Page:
401(k) Tips

What do I do with my 401k when I retire?

If you recently retired, you should figure out what to do with the 401(k) money. Here are some ideas on what you can do with your retirement savings.

3 min read

Over your working years, you’ve diligently contributed to your 401(k) retirement account. Now that you are retired, what do you do with the money? A recent study by Cerulli Associates revealed that most people approaching retirement are not sure what to do with their retirement money.

Once you have retired, you can opt to leave the 401(k) behind, rollover the 401(k) to an IRA, or start taking distributions. You must be age 59 ½ or older to start taking distributions without penalty from IRS, or 72 to start taking required minimum distributions. If you are 55 when you retire, you can withdraw money from your current 401(k) without paying an early withdrawal penalty. However, this rule of 55 does not apply to your previous 401(k)s.

Leave 401(k) with Former Employer      

You can choose to leave the money in the 401(k) plan as you figure out what to do. You can also decide to let the money sit in the plan if you are happy with the investment options provided by your former employer. Your retirement savings will continue growing tax-deferred until you take a distribution, or transfer the money to another retirement account.

If you want the former employer to continue managing your retirement money, your 401(k) balance must have at least $5000. If your balance is below $5,000, the former employer will force a rollover to an IRA of their choice, or trigger a lump-sum distribution. If the former employer forces a cash out, it will automatically withhold 20% of the distribution for paying taxes.

Continue saving for retirement

After you have retired, you can choose to continue contributing to a retirement plan. Since you cannot contribute to the 401(k) left with the former employer, you can rollover the money to an IRA. However, the IRS requires that you can only contribute earnings such as wages, salaries, tips, and bonuses, but not social security earnings and investment earnings.

Take a distribution

If you retire after attaining age 59 ½, you can start taking distributions from your 401(k) account without paying a penalty tax. You can choose to take a lump-sum distribution or annuities for a fixed period or over your lifetime. Although you won't pay an early withdrawal tax, the distributions are considered an income, and you will owe income taxes at your tax bracket rate.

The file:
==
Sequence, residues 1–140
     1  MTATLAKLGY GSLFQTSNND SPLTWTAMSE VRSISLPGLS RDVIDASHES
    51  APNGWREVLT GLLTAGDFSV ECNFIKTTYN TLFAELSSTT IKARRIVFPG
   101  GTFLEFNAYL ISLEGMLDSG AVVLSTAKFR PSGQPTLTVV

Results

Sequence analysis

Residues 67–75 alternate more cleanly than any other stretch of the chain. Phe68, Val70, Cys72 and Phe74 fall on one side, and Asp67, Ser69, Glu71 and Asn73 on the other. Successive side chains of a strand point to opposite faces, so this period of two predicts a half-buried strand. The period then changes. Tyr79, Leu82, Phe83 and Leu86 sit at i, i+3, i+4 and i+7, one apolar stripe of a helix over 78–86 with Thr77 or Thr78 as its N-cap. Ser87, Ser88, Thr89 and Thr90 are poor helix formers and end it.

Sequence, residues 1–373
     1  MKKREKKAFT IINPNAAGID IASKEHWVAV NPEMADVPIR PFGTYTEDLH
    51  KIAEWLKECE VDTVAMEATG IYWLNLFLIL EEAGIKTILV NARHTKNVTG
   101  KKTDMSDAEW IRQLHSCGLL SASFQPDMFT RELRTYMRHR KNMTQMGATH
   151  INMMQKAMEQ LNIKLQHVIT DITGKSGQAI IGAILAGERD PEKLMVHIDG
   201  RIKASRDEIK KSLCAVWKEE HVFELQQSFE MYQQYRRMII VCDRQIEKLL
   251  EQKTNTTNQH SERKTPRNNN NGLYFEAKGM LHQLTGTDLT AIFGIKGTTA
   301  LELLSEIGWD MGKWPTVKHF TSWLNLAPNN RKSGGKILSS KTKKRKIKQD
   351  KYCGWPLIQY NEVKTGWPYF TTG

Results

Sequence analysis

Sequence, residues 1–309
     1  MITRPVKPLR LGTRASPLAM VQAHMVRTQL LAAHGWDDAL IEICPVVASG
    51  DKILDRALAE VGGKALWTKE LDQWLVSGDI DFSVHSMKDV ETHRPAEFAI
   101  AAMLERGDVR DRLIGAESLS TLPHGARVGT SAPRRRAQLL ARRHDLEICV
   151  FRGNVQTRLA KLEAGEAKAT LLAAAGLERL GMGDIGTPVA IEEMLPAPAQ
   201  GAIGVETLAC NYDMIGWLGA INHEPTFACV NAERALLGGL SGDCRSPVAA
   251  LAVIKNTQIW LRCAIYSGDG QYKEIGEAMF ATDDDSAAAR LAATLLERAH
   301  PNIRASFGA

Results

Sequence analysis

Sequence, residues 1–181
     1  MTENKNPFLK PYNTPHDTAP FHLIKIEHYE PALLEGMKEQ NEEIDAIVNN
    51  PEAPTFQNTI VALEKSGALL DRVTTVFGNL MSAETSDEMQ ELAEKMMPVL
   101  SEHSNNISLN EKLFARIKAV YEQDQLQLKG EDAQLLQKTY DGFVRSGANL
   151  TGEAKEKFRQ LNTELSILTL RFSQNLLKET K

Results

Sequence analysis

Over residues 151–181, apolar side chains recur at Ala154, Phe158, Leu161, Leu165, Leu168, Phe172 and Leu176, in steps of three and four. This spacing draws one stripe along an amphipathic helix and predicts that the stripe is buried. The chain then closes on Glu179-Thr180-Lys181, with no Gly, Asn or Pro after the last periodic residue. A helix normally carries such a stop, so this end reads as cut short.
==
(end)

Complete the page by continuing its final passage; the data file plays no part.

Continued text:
If you have a Roth 401(k), you can start taking tax-free and penalty-free distributions when you retire. A Roth 401(k) account is funded with after-tax money, and this means you won't pay any taxes when you take a distribution. However, you must be age 59 ½ or older and have held the Roth account for five years or more.

Factor In “Age 55 Rule”

If you retire at 55 but not yet 59 ½, you can start taking penalty-free distributions. The Age 55 Rule only applies to the current employer who you just left, and not older 401(k)s left with former employers. If you decide to rollover your 401(k) to IRA, this rule does not apply. You will still owe income taxes and a 10% penalty when you withdraw money from the IRA before you reach 59 ½. 

Rollover 401(k) to IRA

Once you retire from your job, you can decide to rollover the 401(k) to an IRA. Start by opening an IRA account, and provide instructions to your former employer to transfer your retirement savings to the IRA account. If you have older 401(k)s, you can consolidate them into the IRA for easier management.

There are certain benefits of rolling over 401(k) money to an IRA. First, you will have a wider pool of investment options you can pick. You can invest in stocks, bonds, ETFs, certificates of deposit, tax deeds, REITs, etc. You can also choose investments with the lowest fees to reduce costs.

In addition, an IRA provides more withdrawal options than a 401(k). You will have greater flexibility with your retirement money, and you can choose to set up automatic monthly withdrawals to meet your daily expenses. An IRA also gives you access to retirement advisors, and you can get professional advice on how to manage your retirement savings better.

Required Minimum Distributions (RMDs)

Once you have retired, you are not required to start taking the mandatory distributions until you are 72. If you just turned 72, you must start taking RMDs from your 401(k) starting from April 1 of the year after you turn 72. After the first distribution, you must take RMDs each year based on your life expectancy and account balance. You cannot withdraw less than your RMD in any given year, but you can decide to take more than you are required to withdraw.

If you are still working in the company after age 72 and you don’t own more than 5% of the company, you could be allowed to delay taking RMDs until when you retire from the company. If you are a qualified participant, you should check with the 401(k) plan to know if you are eligible to deter taking contributions.